Book 'Review': Ricci on Glissando
November 3, 2007 at 1:17 AM
Ricci on Glissando The Shortcut to Violin Technique
is now shipping. I received my copy today and have skimmed through it.
Ricci discusses the pre-chinrest (yes chinrest) technique of Paganini that is based on caricatures of Paganini plus a few statements he made and the fingerings he marked in the parts to the Cantabile and Waltz for his student Camille Sivori.
Summaries like mine always get it wrong but Ricci advocates a radically (to us) different way of "holding" the violin with the left hand. He also advocates learning scales with a 1-1-1-1 fingering rather than the 1-2-3-4 fingerings that we use today. He insists that intonation cannot be learned playing single note scales (yes he said this in his left hand technique book) and that they must be learned as one finger drone scales (in glissando) and then advocates scales in fifths (one finger), two finger glissando scales in 4ths, 6ths, thirds, octaves and tenths.
Interestingly he concedes the shoulder rest "...if you decide to use a shoulder rest..." but suggests right and wrong ways to use it.
The book says nothing about right hand technique but comes with a DVD that discusses the right hand.
This is a a must read for all violinists. I think that many will reject it because it is so radically different but I expect that those who take it seriously will learn an awful lot.
I put the word review in quotes in the title. I hope others who are more qualified will obtain this book, study it carefully and post their thorough reviews of it their blogs here at v.com.
I've been reading it, too. Major ideas in this book! I'm planning to interview Mr. Ricci; any questions for him?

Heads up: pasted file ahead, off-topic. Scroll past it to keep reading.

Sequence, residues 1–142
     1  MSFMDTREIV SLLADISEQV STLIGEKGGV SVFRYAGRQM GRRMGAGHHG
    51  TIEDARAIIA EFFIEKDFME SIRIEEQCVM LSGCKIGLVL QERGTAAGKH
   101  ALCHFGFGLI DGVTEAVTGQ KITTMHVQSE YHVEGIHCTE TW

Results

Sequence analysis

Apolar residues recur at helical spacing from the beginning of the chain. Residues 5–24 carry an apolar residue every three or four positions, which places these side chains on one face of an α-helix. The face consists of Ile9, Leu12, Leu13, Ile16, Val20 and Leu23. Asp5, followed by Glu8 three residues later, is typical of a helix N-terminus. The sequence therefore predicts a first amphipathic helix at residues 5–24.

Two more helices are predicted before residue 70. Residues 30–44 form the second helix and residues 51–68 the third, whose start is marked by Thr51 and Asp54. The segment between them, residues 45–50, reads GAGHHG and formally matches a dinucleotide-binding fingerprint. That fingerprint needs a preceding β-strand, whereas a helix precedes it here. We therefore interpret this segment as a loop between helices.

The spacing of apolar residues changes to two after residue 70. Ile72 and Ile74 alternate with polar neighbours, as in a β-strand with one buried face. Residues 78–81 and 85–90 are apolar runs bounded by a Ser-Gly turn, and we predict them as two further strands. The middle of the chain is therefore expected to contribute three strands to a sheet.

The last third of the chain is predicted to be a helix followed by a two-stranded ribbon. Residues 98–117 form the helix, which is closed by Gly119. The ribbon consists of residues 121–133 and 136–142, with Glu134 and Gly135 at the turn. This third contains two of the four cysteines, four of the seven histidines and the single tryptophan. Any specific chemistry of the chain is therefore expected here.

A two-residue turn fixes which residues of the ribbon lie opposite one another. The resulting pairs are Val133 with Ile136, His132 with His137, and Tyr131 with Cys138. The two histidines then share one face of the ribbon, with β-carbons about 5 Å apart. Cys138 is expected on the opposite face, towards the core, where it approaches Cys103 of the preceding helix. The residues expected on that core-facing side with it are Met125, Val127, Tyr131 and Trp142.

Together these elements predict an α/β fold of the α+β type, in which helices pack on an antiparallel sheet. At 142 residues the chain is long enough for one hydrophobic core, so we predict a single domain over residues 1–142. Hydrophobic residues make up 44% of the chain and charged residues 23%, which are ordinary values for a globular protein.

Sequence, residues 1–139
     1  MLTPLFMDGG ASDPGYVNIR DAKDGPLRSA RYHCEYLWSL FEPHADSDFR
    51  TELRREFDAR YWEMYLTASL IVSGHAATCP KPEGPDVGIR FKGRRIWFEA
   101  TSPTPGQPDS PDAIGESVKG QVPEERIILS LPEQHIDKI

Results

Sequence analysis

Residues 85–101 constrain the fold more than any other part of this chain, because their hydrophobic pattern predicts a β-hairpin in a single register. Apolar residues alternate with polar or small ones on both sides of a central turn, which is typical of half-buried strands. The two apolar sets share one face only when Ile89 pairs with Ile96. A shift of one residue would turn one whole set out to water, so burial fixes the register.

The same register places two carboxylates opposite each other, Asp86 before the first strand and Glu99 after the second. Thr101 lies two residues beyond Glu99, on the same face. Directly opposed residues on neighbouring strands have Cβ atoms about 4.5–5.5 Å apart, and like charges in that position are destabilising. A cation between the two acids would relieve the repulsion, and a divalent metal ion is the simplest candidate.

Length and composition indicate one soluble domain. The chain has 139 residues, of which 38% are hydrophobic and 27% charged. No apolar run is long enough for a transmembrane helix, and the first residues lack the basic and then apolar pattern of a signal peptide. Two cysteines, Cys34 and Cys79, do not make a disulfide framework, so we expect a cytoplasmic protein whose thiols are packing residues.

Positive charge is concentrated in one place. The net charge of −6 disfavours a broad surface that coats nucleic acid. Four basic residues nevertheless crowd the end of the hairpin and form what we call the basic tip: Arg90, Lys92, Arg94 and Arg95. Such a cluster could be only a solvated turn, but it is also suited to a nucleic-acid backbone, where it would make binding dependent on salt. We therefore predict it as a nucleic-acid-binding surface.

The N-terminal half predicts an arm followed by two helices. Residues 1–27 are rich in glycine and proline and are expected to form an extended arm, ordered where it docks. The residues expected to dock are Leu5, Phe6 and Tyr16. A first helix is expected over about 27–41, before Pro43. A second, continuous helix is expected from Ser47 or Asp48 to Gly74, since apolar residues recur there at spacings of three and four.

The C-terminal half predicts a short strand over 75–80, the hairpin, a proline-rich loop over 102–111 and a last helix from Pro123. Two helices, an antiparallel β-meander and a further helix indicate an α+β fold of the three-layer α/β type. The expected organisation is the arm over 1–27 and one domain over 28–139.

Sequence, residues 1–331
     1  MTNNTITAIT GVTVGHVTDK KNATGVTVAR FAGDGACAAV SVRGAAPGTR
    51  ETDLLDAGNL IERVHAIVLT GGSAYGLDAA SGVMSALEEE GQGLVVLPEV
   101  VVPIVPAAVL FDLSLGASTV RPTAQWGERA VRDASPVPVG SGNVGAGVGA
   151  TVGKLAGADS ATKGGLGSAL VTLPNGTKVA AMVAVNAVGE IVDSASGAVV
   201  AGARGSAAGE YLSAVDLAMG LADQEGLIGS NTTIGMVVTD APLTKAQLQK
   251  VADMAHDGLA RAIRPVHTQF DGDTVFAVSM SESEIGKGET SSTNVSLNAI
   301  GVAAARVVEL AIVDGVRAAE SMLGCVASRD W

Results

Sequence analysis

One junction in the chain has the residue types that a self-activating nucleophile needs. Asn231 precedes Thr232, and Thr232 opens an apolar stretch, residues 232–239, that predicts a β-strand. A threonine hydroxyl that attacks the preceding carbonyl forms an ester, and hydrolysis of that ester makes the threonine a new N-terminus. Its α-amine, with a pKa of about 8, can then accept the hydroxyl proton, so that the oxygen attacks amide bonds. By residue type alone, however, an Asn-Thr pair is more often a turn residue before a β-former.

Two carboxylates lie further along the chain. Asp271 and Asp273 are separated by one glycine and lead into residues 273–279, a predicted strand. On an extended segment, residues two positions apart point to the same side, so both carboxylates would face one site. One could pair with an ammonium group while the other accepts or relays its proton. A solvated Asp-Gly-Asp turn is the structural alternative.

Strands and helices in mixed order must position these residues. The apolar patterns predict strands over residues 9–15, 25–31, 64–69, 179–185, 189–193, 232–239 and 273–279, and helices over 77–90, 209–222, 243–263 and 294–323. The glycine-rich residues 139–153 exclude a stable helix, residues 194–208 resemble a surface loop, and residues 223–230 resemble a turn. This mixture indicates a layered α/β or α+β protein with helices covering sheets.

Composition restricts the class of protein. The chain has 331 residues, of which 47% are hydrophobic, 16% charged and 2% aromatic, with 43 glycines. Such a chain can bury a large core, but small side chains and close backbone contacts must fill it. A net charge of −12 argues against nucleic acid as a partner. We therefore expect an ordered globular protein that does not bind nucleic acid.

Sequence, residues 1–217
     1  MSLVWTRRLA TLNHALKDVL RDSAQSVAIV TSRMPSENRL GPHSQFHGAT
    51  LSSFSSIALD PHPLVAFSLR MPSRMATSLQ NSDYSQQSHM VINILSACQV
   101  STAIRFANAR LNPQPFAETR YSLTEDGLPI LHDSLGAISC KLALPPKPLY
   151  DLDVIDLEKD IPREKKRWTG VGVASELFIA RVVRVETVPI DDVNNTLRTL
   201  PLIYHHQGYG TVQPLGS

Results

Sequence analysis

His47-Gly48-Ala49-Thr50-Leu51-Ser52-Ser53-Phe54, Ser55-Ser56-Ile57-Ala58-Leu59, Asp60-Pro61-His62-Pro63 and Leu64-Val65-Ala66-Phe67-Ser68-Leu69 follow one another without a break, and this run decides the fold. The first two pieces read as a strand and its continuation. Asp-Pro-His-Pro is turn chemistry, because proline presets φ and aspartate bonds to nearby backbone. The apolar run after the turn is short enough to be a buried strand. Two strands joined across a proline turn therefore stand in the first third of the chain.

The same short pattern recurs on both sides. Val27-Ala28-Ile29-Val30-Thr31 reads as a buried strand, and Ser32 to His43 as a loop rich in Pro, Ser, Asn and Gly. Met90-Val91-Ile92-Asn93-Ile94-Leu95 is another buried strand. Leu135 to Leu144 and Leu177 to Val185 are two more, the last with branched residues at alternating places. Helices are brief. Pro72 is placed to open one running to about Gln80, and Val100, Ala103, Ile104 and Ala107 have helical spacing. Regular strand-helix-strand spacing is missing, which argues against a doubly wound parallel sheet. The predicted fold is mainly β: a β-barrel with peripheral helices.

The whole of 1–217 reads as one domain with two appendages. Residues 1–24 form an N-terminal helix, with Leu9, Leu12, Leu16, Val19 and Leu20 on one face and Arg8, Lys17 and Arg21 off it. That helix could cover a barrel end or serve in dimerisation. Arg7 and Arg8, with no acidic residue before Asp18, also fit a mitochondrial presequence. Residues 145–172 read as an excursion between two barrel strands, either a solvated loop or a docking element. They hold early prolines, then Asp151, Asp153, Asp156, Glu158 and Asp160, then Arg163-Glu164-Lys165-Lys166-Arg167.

1. Does he advocate going all the way back to a pre-chinrest style or is he suggesting that we consider more of the pre-chinrest style in our modern chinrest playing?
2. What does he really think of the shoulder rest?
As I have read it more and watch the DVD I get the sense that he doesn't really expect us to go all the way back to a Paganini style hold but rather that we adopt a lot of Paganini-isms in our playing. (glissando shifts on the same finger for consecutive notes, thrown back hand position, thumb following fingers. etc.)
I hope you interview the "editor" as well. I think that he played a major role in this book. Perhaps co-author may have been more accurate.
I love Paganini's quote: that there's only one position, only one scale.
A question for Mr. Ricci: does he believe that one-position scale practice (in multiple positions) is useful? That seems to be sort of in keeping with the advocacy of one-finger scales.
From Bruce Berg
Posted on November 3, 2007 at 10:27 PM
I would guess, not having gotten the book yet that he may advocate elimination of shifting by extending the hand forward and backward from the wrist. This facilitates many passages in the Paganini caprices. For instance the c minor scale in thirds can be played without shifting back and forth from 1st to 3rd position. Similarly, in the 17th caprice the fingered octaves can be performed with perhaps one true shift. In the Baroque era shifting was avoided at all cost due to the lack of the chinrest. When it was necessary to shift from third to first position, the hand would extend back and the thumb would follow later when convenient. Of course this would result in the hand flexing inward which would be anathema to a lot of violin teachers.
From Bruce Berg
Posted on November 3, 2007 at 10:38 PM
Sorry, the c minor scale I mentioned is in the 4th Paganini caprice.
Bruce, he does indeed advocate a shiftless style of playing.
From Bruce Berg
Posted on November 4, 2007 at 1:12 AM
Some students are very resistant to this particular technique because it requires the wrist to be inclined inward in lower positions so the palm touches the neck. Perhaps since this info occurs in a book I can convince them of the technique's efficacy. I am looking forward to getting a copy.
Over the last two decades, I have gone from not using a shoulder rest to using a shoulder rest, then back to using a shoulder rest and now not using a shoulder rest. I firmly believe that a shoulder rest is not necessary if one adopts the `baroque style' shifting. But I won't go so far as not using a chinrest. Sounds like Ricci's Book/DVD is definitely worth getting.
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